This week we visit the library of Dr. Susan E. Hylen for summer reading recommendations! Dr. Hylen teaches courses in New Testament at Candler and in Emory’s Graduate Division of Religion, equipping students to become responsible interpreters of the biblical texts. She has authored books on the history of women in the New Testament and early church and on the Gospel of John, and her current research explores the social construction of gender in the early church period.
First, Dr. Hylan recommends The Water Dancer by Ta-Nahisi Coates, a New York Times best seller from the National Book Award–winning author of Between the World and Me. Coates’s novel brings the reader into the world of Harriett Tubman and the underground railroad from the perspective of an enslaved man, Hiram Walker. Dr. Hylen describes the publication as “imaginative and sorrowful, with beautiful language and insight” making it a great addition to any summer reading list. Find this audiobook in a local library near you on online for purchase.
Next, Dr. Hylan suggests Swamplandia! by Karen Russell. This coming of age story is set in the islands off the southwest coast of Florida following Ava Bigtree, an unforgettable young heroine who wrestles alligators. Find this “poignant reflection on home and family” online for Emory users or at your local library!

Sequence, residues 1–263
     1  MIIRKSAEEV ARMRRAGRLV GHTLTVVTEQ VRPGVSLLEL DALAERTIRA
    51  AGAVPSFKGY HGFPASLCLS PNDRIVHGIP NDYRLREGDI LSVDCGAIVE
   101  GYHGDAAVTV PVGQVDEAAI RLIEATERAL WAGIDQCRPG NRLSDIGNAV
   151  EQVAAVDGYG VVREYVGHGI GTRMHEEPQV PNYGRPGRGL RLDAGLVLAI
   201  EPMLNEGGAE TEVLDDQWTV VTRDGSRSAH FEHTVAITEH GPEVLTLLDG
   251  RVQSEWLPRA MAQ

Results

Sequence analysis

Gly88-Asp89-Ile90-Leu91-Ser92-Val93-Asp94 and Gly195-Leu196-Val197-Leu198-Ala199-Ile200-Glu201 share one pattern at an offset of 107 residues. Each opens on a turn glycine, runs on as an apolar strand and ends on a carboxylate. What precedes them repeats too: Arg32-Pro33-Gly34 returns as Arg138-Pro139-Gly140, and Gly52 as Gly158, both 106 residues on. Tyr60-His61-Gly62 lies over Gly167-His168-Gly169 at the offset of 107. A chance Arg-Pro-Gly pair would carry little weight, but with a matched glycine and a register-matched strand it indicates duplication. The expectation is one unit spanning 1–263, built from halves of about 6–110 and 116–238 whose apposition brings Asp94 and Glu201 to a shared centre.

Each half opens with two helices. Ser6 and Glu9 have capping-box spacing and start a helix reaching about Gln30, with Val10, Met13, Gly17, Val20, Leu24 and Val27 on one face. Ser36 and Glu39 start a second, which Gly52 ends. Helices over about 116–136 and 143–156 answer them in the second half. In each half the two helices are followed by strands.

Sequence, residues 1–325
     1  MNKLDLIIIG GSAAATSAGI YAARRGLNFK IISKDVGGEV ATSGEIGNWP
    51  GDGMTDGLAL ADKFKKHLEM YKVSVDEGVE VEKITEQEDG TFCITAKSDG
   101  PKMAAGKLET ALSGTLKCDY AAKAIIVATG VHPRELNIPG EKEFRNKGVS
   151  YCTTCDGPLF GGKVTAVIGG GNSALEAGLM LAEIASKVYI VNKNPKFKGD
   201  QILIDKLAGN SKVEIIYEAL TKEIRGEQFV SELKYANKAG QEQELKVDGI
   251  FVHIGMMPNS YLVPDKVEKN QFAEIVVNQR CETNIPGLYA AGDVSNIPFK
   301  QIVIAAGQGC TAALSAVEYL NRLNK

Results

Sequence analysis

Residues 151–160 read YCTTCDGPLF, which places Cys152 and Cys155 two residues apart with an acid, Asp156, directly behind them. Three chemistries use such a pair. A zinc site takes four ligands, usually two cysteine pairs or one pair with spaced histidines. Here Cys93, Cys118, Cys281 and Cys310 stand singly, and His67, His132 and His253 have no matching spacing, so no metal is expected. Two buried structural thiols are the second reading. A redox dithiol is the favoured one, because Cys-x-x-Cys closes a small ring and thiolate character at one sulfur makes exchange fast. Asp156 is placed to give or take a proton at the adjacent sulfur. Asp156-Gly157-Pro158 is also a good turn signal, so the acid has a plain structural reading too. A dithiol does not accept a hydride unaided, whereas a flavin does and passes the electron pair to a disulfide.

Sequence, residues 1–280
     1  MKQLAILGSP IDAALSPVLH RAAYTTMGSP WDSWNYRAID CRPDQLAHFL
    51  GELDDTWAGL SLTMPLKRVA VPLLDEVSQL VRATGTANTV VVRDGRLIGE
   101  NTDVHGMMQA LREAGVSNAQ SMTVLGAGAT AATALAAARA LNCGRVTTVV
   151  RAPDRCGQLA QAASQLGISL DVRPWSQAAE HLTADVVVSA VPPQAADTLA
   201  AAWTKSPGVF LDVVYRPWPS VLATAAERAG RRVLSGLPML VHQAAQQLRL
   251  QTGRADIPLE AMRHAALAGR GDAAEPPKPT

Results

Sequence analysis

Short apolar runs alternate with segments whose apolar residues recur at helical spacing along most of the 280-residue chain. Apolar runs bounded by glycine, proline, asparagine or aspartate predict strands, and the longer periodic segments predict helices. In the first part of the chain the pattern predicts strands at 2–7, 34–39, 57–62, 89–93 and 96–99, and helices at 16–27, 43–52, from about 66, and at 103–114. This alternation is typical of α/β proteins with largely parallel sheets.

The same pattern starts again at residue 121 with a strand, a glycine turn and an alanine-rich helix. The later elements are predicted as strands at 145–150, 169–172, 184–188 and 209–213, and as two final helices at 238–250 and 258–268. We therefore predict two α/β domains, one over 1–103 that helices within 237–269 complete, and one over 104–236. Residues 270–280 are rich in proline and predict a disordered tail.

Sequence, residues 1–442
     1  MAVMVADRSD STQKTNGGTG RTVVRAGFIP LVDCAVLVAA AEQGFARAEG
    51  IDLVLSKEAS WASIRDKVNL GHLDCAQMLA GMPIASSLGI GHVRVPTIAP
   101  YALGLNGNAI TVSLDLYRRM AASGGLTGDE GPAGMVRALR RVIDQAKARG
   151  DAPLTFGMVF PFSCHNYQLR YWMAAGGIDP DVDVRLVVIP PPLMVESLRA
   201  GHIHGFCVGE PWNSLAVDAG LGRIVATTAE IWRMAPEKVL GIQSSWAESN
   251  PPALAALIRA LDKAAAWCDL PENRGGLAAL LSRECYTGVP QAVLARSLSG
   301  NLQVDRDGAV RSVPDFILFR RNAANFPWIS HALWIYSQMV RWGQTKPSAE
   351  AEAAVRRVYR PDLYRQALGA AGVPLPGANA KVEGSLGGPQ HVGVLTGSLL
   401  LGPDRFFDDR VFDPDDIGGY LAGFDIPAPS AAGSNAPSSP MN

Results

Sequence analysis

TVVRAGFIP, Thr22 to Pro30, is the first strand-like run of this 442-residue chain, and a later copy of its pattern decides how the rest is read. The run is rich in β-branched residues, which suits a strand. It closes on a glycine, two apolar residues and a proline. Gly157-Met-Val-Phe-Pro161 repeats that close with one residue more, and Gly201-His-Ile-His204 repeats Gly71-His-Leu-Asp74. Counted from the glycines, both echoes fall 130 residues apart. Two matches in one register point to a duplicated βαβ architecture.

While Dr. Hylen doesn’t often read non-fiction for pleasure, SPQR by Mary Beard is her exception and third recommendation. This “immensely readable” publication by a respected expert in the field covers Roman history from 27 B.C.E. to 212 C.E., roughly the period in which the New Testament and some of the earliest Christian sources were written. Hylen explains that it’s a “great introduction to the cultural and political background of early Christianity.” Find this book at your university library or online for purchase in a variety of formats!
Finally, for a fun dive into actual Roman authors, Dr. Hylen enjoys the stories told by Valerius Maximus in Memorable Sayings and Doings. Part of the Harvard Press Loeb Classical Library, these are short tales of popular morality mostly grouped together topically, by virtue (or vice), and written during the time of Jesus. Dr. Hylen notes that these narratives are a “great way to gain insight into what people in the time of Jesus thought was exemplary.” She points out that “some of the stories are strange, and some are funny, but they’re all short, so it’s easy to put it down and pick it up again if you have just a little time (or a short summer attention span).” Emory users can now access this publication online!
Find the whole series of Summer Reading recommendations on the Librarians’ Blog, and stay tuned next week for more!